Mumbai, May 15 (PTI) The Bombay High Court Friday directed the Brihanmumbai Municipal Corporation (BMC) not to use the vacant resettlement buildings as quarantine centres for suspected COVID-19 patients without prior permission from the court.
These buildings, meant for rehabilitating people affected by the BMC's several development projects, have been declared uninhabitable by the high court and the National Green Tribunal owing to the large-scale pollution in the area.
A bench of Chief Justice Dipankar Datta and Justice Amjad Sayed restrained the civic body from using the premises for quarantine facilities without its nod after the BMC told the HC that it had decided that three vacant buildings at the Eversmile Complex, the Mahul Project Affected Persons' Colony, will be used as quarantine centres only as a 'last resort'.
The civic body submitted in an affidavit filed in the high court that as per its estimates, the number of COVID-19 positive cases in the M West ward, where Mahul is located, would rise to around 2,946 by May 30.
And since there already existed a shortage of designated quarantine centres, it had decided that if those from the ward, who need to be admitted to quarantine centres could not be accommodated anywhere else in the M-West ward, they would be taken to Mahul, the BMC submitted.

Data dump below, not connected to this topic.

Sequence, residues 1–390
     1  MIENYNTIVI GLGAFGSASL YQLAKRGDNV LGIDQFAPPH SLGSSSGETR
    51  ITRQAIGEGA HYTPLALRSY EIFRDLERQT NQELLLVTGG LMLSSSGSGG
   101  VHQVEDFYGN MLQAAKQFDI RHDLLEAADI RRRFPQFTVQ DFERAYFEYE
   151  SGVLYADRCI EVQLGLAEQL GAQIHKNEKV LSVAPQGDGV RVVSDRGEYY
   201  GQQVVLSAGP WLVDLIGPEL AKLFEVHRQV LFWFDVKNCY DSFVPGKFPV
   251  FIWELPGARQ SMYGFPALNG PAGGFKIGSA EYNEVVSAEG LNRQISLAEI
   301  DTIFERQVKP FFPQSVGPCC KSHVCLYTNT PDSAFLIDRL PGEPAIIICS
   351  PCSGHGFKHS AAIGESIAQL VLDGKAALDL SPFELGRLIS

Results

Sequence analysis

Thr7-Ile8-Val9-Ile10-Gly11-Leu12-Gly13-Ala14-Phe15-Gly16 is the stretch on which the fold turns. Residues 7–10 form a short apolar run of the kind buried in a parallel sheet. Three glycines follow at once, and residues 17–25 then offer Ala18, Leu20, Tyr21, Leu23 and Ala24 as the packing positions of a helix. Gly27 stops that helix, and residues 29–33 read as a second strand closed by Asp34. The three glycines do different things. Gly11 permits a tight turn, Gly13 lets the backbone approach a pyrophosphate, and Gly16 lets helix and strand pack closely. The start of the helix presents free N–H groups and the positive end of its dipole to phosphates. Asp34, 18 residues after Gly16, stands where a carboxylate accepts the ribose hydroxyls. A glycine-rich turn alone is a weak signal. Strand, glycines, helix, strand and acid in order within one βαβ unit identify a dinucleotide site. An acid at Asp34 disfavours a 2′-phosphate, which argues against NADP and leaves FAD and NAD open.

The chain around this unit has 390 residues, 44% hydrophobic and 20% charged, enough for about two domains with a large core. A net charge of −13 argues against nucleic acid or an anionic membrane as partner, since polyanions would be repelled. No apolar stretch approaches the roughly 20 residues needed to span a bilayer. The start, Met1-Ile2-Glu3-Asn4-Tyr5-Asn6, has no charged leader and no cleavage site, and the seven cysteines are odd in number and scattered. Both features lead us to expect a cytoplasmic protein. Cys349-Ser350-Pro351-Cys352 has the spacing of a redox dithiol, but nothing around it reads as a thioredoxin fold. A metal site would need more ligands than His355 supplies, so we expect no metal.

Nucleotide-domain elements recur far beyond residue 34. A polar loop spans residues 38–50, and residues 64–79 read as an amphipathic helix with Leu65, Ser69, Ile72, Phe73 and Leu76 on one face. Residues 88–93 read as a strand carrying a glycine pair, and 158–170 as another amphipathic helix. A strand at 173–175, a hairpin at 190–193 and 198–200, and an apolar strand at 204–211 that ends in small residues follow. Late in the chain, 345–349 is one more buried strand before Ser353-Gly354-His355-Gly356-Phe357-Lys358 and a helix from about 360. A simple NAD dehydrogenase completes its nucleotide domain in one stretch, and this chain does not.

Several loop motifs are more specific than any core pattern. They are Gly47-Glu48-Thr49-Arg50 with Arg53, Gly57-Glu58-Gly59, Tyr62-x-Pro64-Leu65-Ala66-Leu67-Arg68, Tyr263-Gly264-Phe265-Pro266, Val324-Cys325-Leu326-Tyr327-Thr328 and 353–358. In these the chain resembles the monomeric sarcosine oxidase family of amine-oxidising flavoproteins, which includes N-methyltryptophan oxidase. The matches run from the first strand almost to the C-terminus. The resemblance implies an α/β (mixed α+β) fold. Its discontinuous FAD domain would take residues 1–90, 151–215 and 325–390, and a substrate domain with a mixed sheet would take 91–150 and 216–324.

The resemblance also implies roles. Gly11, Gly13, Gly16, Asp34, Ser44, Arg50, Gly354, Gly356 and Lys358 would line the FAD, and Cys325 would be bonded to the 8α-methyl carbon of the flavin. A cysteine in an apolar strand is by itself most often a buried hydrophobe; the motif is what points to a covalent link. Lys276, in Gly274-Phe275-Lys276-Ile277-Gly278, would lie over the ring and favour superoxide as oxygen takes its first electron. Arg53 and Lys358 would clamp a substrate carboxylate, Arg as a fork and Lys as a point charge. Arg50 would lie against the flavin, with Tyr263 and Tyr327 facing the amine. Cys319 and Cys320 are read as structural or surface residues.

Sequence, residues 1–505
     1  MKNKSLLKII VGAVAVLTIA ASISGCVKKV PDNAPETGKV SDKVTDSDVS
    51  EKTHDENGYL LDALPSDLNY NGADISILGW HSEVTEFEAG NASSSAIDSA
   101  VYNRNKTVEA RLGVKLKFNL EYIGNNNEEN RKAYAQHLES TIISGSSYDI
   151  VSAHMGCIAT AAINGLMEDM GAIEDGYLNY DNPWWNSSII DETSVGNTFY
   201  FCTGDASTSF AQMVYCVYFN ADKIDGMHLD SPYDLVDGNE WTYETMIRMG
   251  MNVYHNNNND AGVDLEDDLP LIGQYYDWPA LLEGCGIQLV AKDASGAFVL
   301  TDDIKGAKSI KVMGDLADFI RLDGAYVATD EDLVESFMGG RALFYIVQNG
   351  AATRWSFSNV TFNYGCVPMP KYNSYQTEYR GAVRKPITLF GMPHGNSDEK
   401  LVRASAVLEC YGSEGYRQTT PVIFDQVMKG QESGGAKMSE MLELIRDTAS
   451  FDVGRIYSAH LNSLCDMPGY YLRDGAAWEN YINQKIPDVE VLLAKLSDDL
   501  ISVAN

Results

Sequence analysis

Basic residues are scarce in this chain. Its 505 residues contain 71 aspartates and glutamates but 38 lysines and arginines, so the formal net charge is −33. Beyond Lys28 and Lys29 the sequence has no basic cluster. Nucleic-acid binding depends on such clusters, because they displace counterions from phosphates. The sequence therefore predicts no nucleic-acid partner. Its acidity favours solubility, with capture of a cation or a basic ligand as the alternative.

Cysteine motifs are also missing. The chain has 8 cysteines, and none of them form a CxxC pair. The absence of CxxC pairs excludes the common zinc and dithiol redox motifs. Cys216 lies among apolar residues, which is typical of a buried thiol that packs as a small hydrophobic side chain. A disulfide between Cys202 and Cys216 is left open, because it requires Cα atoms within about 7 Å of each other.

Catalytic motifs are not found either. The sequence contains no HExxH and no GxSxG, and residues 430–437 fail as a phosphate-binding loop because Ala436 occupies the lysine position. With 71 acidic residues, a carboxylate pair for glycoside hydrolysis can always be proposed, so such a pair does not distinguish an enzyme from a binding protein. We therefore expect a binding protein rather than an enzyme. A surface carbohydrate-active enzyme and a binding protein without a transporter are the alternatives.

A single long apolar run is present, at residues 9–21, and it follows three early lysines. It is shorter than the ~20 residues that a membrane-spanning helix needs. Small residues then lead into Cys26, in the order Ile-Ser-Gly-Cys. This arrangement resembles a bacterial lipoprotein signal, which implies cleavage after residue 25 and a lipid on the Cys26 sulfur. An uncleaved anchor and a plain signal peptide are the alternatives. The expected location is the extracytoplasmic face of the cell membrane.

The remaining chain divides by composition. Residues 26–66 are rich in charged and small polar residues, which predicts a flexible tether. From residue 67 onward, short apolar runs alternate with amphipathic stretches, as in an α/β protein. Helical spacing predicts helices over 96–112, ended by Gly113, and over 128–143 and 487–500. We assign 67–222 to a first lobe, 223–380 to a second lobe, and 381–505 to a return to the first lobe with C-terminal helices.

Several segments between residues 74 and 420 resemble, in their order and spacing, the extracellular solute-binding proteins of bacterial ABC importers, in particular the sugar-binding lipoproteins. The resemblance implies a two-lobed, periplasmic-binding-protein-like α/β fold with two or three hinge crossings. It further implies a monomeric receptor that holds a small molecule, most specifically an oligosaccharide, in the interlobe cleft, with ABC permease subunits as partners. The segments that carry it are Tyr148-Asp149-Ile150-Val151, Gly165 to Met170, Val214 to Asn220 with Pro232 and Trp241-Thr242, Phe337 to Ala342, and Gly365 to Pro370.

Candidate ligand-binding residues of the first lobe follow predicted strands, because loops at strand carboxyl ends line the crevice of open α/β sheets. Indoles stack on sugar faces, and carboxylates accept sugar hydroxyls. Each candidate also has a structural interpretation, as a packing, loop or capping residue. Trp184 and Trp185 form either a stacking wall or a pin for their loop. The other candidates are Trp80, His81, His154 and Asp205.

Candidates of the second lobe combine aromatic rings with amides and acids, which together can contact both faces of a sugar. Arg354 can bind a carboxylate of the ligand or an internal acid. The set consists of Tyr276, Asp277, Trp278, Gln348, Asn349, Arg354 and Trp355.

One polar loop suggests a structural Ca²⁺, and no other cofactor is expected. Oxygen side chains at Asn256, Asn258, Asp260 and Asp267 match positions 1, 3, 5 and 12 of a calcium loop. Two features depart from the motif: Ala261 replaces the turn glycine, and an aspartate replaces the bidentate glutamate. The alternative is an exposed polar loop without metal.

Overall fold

The bench was hearing a public interest litigation filed by Sharda Tevar, the mother of an undertrial at Arthur Road prison, and by an NGO Ghar Bachao Ghar Banao Andolan.
The petitioners, through advocate Ronita Bector, submitted that as per news reports, the state authorities was contemplating using some buildings in Mahul as quarantine facilities.
However, all buildings in the said area, built for rehabilitating those whose homes were affected due to the BMC's various development projects, have been considered uninhabitable by the Bombay HC and the NGT previously.
According to the petition, Mahul is a heavily industrialised belt and home to several major industrial units, including refineries of Hindustan Petroleum Corporation Limited, Bharat Petroleum Corporation Limited, Rashtriya Chemicals and Fertilisers, and Bhabha Atomic Research Centre as well as private industrial units.
The high court on September 23, 2019 stopped project affected persons from being rehabilitated in these buildings.
'The proposed facility at Mahul would be utilised only as a last resort in the event that the number of cases rises and the number of high and low risk contacts persons that require to be quarantined cannot be kept on the other quarantine facilities made available in the vicinity,' BMC said in its reply.
However, the court said that said before the state government or BMC takes a decision to shift people to Mahul, they will be required to take the court's permission and will also have to submit all relevant data, advocate Bector said.
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